It’s common for people with the nonfluent variant aphasia to struggle to use the correct words or to slur their speech.
You may also notice your loved one’s speaking patterns and even their voice may change as their brain’s language center is undergoing changes.
What are the signs of frontal lobe dementia?
The frontal lobe of the brain is the executive center part of the brain, responsible for most of our social and personal behaviors.
When this part of the brain is damaged, it causes behavioral abnormalities. A person’s personality can radically shift as the disease progresses, causing them to act out in uncharacteristic ways.
For example, your loved one may begin acting inappropriately in public including spontaneous speech or making sexually inappropriate comments to people. Generally, people with frontal lobe dementia will have “no filter.”
You may also notice a lack of personal hygiene, more impulsive behavior, and compulsive behaviors, such as smacking lips, clapping, or tapping.
Eating habits may also change as well, causing your loved one to get a sweet tooth and crave carbohydrate-heavy foods.
It’s also not uncommon for people with frontal lobe dementia to compulsively put items in their mouth, including inedible objects, or eat non-foods such as shampoo or dirt, an eating disorder known as “pica.”
Language issues, including aphasia, can also indicate damage to the frontal and temporal lobes of the brain, causing your loved one to struggle to find the right words or appear confused when you’re speaking to them.
Motor disorders are also present in frontotemporal dementia, causing tremors, muscle rigidity, difficulty swallowing, and poor coordination that can increase the risk of falling.
How fast does frontal lobe dementia progress?
Frontotemporal dementia is considered a less common type of dementia with an earlier onset age, usually starting around 45 years old.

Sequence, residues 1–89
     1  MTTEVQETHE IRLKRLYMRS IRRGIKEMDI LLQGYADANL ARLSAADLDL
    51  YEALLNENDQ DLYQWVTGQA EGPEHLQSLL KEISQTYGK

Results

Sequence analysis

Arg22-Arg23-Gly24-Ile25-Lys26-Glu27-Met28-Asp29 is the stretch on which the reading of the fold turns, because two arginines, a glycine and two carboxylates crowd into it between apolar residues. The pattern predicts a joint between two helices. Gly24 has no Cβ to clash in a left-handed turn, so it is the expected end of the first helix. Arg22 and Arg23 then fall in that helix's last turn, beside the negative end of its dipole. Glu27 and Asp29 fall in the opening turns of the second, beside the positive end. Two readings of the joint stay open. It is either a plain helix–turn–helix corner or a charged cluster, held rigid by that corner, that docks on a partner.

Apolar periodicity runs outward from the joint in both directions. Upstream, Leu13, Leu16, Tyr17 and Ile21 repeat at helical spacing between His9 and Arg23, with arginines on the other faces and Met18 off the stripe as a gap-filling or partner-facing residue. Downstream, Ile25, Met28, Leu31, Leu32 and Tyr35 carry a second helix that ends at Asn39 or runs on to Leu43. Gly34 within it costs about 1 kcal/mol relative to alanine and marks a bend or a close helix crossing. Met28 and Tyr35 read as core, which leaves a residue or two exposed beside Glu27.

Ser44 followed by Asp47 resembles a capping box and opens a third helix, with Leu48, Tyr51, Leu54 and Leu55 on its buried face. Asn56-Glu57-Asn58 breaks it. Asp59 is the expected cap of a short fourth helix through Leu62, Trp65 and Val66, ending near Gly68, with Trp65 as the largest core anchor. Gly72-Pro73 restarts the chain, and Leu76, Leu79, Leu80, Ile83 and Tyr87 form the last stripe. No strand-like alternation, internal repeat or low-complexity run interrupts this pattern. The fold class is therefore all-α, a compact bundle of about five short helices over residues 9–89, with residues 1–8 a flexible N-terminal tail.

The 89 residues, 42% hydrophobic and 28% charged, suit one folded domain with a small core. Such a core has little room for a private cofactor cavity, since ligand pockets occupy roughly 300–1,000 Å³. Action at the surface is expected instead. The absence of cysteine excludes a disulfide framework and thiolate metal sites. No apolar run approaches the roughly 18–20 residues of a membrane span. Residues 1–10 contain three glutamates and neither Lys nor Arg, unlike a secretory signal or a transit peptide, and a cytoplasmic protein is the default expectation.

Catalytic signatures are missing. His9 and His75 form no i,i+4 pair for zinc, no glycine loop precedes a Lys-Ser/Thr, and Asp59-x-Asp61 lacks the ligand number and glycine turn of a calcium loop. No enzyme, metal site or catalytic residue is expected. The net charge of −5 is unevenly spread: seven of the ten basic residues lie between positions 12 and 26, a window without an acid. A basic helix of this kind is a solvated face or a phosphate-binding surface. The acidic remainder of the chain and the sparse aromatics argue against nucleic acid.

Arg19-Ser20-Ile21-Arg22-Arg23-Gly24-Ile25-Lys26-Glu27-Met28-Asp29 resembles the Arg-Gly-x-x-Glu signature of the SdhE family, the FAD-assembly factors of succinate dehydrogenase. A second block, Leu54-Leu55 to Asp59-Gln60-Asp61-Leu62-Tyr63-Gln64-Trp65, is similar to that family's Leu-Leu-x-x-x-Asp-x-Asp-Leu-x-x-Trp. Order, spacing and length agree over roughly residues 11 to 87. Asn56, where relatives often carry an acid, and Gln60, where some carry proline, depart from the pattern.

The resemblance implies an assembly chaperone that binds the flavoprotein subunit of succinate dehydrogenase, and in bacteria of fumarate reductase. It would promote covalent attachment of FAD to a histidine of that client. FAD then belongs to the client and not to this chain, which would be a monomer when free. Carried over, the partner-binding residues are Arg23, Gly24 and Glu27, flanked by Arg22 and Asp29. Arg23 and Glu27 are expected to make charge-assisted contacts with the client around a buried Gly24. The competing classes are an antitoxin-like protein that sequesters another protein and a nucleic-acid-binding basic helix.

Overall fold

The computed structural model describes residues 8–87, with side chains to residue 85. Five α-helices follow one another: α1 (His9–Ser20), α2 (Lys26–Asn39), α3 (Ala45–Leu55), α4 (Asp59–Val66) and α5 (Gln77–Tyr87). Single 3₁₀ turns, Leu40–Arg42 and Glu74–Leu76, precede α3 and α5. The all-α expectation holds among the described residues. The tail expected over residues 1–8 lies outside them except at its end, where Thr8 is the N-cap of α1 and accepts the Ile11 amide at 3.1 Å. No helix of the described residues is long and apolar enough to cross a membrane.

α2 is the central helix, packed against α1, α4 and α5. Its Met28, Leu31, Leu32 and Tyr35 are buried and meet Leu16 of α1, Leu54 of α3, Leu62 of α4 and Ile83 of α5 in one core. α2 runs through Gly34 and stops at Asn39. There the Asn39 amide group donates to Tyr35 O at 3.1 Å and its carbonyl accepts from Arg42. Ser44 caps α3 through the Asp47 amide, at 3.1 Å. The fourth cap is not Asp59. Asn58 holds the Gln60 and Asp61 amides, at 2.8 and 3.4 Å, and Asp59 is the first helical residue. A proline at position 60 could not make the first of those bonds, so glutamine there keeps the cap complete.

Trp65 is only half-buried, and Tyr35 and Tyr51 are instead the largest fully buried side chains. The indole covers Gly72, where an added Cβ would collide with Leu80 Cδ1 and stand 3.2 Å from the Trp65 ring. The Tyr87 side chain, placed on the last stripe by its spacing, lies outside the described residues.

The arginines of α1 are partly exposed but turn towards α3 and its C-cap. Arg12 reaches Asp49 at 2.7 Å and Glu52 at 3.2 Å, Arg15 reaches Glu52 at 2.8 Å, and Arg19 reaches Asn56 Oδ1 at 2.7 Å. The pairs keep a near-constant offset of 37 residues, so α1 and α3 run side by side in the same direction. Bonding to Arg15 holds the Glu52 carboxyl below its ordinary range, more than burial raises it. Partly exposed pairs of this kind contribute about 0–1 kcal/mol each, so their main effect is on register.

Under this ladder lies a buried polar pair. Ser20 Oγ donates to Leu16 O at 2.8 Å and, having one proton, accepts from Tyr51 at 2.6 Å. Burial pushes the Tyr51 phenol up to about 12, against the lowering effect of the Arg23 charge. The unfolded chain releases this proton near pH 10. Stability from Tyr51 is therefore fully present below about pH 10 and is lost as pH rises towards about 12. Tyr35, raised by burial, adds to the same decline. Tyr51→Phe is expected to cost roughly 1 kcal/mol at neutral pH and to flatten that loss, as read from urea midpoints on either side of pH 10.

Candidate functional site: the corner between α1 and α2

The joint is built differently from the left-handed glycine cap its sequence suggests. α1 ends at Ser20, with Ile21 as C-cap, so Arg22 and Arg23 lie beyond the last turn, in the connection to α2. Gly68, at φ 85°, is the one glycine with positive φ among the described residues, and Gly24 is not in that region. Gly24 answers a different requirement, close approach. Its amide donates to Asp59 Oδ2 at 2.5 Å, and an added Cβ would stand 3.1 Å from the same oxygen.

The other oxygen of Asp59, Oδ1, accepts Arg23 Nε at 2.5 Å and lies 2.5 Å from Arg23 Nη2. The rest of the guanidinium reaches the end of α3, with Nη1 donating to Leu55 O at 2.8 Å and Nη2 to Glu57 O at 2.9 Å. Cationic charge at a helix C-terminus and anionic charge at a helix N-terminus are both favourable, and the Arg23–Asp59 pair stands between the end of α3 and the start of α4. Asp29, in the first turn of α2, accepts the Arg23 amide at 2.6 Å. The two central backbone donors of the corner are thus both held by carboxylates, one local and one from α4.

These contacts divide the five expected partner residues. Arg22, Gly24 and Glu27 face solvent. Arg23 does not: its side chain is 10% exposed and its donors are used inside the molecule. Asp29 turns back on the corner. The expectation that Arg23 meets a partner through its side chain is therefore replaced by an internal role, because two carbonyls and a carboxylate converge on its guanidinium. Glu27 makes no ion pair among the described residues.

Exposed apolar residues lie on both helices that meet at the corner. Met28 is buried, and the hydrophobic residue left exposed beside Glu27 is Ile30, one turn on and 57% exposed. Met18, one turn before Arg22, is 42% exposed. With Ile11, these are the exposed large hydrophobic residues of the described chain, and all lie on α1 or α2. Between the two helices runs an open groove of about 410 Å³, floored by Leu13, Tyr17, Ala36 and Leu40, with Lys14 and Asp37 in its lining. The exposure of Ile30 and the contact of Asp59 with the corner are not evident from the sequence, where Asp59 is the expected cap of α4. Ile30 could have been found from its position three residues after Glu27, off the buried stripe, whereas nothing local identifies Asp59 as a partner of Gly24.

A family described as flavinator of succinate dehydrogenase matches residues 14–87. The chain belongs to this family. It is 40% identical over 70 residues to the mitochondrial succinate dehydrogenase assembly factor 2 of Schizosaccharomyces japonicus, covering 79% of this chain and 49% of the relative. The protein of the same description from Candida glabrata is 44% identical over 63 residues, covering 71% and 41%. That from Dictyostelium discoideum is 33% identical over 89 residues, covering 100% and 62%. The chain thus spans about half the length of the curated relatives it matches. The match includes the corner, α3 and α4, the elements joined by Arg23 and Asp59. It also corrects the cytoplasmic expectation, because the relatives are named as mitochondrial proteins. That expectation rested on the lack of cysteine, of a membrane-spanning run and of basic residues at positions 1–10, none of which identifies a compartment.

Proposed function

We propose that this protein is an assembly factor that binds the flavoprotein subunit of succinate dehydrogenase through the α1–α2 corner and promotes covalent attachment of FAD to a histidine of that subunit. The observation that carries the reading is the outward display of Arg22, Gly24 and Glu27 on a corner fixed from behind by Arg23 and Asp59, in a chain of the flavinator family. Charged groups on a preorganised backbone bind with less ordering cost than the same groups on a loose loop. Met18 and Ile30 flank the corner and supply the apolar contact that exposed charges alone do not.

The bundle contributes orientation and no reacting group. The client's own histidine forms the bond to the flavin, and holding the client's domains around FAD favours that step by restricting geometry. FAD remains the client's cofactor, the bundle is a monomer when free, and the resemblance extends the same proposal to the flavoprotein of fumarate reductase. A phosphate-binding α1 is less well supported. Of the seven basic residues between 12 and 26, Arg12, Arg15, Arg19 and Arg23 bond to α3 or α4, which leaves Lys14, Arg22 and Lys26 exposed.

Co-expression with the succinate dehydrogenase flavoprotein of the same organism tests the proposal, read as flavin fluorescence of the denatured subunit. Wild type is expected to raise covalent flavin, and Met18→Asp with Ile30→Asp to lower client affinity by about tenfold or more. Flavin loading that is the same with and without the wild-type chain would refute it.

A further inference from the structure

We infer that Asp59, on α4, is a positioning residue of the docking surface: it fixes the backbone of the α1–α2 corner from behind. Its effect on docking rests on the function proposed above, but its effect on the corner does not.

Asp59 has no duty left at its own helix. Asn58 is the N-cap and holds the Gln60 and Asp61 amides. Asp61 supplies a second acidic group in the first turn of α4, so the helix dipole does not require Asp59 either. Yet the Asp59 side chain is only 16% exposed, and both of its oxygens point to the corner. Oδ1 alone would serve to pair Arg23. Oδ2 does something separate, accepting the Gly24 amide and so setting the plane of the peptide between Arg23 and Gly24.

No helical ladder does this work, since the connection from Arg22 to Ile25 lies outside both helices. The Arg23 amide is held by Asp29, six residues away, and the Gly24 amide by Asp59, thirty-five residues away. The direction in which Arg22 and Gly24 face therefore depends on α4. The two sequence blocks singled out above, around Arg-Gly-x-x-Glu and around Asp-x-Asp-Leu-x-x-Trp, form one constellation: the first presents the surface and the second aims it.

The symptoms of frontal lobe dementia start and progress gradually, usually lasting around 8-10 years from the initial onset.
However, it’s common for people with frontotemporal dementia to live much longer than 10 years after their diagnosis.
What is the difference between frontotemporal dementia and Alzheimer’s disease?
Frontotemporal dementia and Alzheimer’s disease are both caused by the clumping of proteins inside the brain that block neuron signals, eventually causing neuron cell death and brain atrophy.
Alzheimer’s disease affects most of the brain, whereas frontotemporal dementia only affects the frontal and temporal lobes.
However, the two diseases exhibit similar symptoms that can make it difficult to distinguish from each other.
One of the key differences between these two diseases is the initial onset. In Alzheimer’s the average age is 65 years old, but with frontotemporal dementia, it’s usually around 45 years old.
With Alzheimer’s, changes in personality are more gradual. While frontotemporal dementia will cause more noticeable behavioral changes sooner.
Dementia and memory care support at Kensington Place Redwood City
Our community provides a greater continuum of healthcare than you’ll find at most assisted living communities that allow your loved one to age in place.
This means that even if your loved one’s healthcare needs change drastically as their disease progresses, we’re still able to provide the highest levels of care they require.
At Kensington Place Redwood City, we Promise to care for and love your family as we do our own.
If you have a loved one with frontotemporal dementia and need help caring for them, please reach out today to learn how our community can provide them with the best care available.
Looking to join our Kensington Place team? We are currently hiring.